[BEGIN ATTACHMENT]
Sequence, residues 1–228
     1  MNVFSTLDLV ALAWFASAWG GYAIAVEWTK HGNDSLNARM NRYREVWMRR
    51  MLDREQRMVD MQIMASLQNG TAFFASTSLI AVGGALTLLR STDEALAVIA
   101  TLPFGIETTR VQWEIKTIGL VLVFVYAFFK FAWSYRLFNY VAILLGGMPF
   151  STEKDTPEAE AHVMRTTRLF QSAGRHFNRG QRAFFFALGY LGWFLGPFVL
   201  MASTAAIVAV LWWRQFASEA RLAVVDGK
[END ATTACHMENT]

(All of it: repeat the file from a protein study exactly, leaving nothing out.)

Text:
Sequence, residues 1–228
     1  MNVFSTLDLV ALAWFASAWG GYAIAVEWTK HGNDSLNARM NRYREVWMRR
    51  MLDREQRMVD MQIMASLQNG TAFFASTSLI AVGGALTLLR STDEALAVIA
   101  TLPFGIETTR VQWEIKTIGL VLVFVYAFFK FAWSYRLFNY VAILLGGMPF
   151  STEKDTPEAE AHVMRTTRLF QSAGRHFNRG QRAFFFALGY LGWFLGPFVL
   201  MASTAAIVAV LWWRQFASEA RLAVVDGK